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Why Mark Meadows’ removal bid is an uphill climb

Norman Eisen, E. Danya Perry,
E. Danya Perry
E. Danya Perry Founder and Attorney - Perry Law
Joshua Stanton, and
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Joshua Stanton Counsel - Perry Law, President and Founder - Defense of Dignity Center
Madison Gee
MG
Madison Gee Project Coordinator

August 17, 2023


  • In their request for removal, Meadows’s lawyers argue that because the charges against him concern his tenure as Trump’s Chief of Staff, the Constitution’s Supremacy Clause entitles him to remove the case to federal court.
  • Meadows appears to have no “colorable federal defense” based on the Supremacy Clause or otherwise to support removal.
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White House Chief of Staff Mark Meadows speaks to reporters during a news briefing at the White House in Washington, U.S., July 31, 2020. REUTERS/Carlos Barria
Editor's note:

This is an adaptation of a Brookings model prosecution memo addressing the question of removal.

About 18 hours after Fulton County District Attorney (DA) Fani Willis revealed the indictment of former president Donald Trump, his ex-White House Chief of Staff Mark Meadows, and 17 others, Meadows attempted to remove his prosecution from Georgia state to federal court. The case has been assigned to U.S. District Court Judge Steve Jones, who on Wednesday, ruled he has jurisdiction and set an expeditious hearing for August 28th at which Meadows can present evidence and legal argument to support his position. The DA can do the same at the hearing to oppose, and her written brief in response to the removal petition is due on August 23rd.

So how likely is it that Meadows will succeed? A look at the applicable law suggests that he will have a very steep hill to climb if he is to be successful in removing the case. In this analysis, we explain why.

In their request for removal, Meadows’ lawyers argue that because the charges against him concern his tenure as Trump’s Chief of Staff, the Constitution’s Supremacy Clause entitles him to remove the case to federal court. According to his attorneys, the conduct that DA Willis cites in the indictment, including “contacting state officials on the President’s behalf,” falls within the normal scope of Meadows’ duties in the White House.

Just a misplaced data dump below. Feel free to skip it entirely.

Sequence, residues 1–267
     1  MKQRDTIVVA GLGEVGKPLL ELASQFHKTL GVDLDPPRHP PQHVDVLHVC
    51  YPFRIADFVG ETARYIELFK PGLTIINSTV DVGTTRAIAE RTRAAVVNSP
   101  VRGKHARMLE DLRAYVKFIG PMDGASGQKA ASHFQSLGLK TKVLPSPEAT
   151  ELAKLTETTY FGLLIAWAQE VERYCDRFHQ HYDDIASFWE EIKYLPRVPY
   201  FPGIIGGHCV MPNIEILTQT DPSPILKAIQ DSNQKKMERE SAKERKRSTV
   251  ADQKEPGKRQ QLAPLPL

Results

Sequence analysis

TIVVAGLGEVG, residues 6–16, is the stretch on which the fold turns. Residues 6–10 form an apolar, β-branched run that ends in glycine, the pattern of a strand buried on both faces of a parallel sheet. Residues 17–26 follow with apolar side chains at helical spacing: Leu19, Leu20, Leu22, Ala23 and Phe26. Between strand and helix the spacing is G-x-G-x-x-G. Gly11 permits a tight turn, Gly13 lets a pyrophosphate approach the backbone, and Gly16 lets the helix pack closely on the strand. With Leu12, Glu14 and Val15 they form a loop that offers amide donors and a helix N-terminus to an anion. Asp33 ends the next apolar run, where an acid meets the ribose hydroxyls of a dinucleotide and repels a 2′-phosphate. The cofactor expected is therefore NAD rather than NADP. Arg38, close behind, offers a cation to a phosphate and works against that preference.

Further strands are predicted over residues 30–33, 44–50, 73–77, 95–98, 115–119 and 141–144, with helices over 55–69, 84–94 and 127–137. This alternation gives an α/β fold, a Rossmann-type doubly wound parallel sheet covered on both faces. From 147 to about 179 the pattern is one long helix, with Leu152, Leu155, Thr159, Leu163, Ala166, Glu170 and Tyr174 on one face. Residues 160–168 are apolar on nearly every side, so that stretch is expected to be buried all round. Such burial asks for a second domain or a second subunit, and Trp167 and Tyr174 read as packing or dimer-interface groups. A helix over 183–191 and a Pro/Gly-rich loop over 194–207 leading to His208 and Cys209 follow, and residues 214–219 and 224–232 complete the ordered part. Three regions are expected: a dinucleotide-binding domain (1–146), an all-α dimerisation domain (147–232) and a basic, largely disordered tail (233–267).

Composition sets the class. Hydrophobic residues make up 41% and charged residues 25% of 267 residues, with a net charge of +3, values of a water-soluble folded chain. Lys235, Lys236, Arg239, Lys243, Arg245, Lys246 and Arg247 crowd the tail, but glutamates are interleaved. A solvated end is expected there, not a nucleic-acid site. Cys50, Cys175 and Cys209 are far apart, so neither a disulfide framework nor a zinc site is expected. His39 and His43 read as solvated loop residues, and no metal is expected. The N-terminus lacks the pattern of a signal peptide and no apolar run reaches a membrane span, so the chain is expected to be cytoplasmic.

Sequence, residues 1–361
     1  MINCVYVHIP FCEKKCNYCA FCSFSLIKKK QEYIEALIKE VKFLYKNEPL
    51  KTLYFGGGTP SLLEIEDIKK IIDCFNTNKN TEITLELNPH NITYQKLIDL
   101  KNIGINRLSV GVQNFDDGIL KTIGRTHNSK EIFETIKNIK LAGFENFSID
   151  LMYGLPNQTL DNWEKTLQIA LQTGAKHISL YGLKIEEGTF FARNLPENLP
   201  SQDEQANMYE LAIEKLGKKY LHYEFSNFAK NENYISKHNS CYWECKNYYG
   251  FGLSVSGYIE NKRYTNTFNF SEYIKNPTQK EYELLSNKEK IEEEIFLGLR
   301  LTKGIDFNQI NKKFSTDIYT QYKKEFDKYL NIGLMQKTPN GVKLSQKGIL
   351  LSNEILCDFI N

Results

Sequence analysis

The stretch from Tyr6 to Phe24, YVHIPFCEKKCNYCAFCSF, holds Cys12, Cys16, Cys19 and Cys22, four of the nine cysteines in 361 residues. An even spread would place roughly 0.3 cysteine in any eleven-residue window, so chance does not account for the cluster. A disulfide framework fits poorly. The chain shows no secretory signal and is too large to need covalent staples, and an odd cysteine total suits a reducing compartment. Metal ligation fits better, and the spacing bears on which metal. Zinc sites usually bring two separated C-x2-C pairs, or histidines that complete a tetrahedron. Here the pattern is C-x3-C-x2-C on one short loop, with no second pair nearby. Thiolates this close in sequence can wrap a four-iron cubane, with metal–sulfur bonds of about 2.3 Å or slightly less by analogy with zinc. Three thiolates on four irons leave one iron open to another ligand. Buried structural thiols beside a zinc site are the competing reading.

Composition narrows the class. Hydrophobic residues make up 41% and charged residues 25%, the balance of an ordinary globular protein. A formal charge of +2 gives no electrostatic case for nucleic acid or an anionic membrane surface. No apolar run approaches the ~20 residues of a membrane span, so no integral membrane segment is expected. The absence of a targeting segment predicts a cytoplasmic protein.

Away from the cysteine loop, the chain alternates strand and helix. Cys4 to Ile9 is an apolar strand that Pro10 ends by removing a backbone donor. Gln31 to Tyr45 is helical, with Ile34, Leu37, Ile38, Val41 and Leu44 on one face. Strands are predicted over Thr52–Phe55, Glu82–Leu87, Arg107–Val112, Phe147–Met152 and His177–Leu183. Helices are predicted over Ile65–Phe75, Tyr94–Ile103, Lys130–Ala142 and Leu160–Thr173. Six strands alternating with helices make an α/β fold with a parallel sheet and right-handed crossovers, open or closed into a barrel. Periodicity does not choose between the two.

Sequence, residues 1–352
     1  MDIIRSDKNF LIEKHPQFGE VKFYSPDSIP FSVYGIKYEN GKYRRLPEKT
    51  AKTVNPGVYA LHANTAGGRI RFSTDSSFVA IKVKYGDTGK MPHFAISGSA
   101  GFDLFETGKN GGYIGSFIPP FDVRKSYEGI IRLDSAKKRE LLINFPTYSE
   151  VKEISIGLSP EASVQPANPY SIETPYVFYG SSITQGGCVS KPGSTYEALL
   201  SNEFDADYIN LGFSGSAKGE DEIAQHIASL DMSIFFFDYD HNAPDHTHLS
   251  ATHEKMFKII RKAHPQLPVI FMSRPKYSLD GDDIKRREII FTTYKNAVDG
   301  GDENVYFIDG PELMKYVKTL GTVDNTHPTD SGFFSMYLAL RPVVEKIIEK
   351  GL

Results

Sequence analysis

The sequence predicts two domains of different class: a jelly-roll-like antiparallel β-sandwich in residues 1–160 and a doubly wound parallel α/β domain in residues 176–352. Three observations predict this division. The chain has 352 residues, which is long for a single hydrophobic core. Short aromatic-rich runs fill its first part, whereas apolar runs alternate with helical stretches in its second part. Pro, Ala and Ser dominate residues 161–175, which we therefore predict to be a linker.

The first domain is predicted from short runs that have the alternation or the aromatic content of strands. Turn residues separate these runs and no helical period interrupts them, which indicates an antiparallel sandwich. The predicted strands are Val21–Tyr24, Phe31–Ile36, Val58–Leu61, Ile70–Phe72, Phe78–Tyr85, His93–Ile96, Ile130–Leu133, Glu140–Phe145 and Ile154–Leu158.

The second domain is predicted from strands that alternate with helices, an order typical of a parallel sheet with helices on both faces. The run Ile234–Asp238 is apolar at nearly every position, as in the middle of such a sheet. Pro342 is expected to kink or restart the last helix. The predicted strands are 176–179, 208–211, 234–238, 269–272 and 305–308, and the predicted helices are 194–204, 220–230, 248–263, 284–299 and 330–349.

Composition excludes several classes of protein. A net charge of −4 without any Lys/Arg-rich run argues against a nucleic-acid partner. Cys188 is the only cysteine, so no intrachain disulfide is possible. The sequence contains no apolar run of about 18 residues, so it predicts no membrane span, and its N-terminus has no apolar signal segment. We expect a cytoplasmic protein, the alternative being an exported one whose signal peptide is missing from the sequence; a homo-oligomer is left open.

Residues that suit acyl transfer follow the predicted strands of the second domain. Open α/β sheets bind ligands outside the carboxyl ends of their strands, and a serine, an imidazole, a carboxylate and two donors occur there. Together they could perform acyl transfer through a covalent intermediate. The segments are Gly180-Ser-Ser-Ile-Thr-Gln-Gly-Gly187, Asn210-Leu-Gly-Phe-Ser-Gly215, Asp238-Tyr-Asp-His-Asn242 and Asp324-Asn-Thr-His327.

But the background law is not favorable to these claims. That is because the allegations and the public record suggest that Meadows’ conduct — namely, his own and his support of Trump’s pressuring of election officials in Georgia — was political in nature and not one that was, or could ever be, undertaken in an official White House Chief of Staff capacity.

To explain why, let’s take a look at the law.

Under Section 1442(a), “any officer … of the United States” may remove to federal court a criminal action brought against them in state court if the prosecution is “for or relating to any act under color of such office.” This law is “designed to provide federal officials with a federal forum in which to raise defenses arising from their official duties.” Under Section 1442(a), removal is authorized if the defendant is an “officer of the United States” and has “raise[d] a colorable federal defense.” The requirement of a “colorable federal defense” has been given a “broad reading” and does not require the defendant to prove the “ultimate validity” of his defense “at the time of removal.”

A federal official is not immune from state criminal prosecution “simply because of his office and his purpose,” but instead must meet two conditions: 1) the federal official must have been engaged in conduct authorized by federal law or the Constitution; and 2) the official must have done no “more than what was necessary and proper” to effectuate his federal duty.

In other words, a federal officer must actually act pursuant to federal authority, and their conduct must bear an objectively reasonable relationship to achieving a federal goal.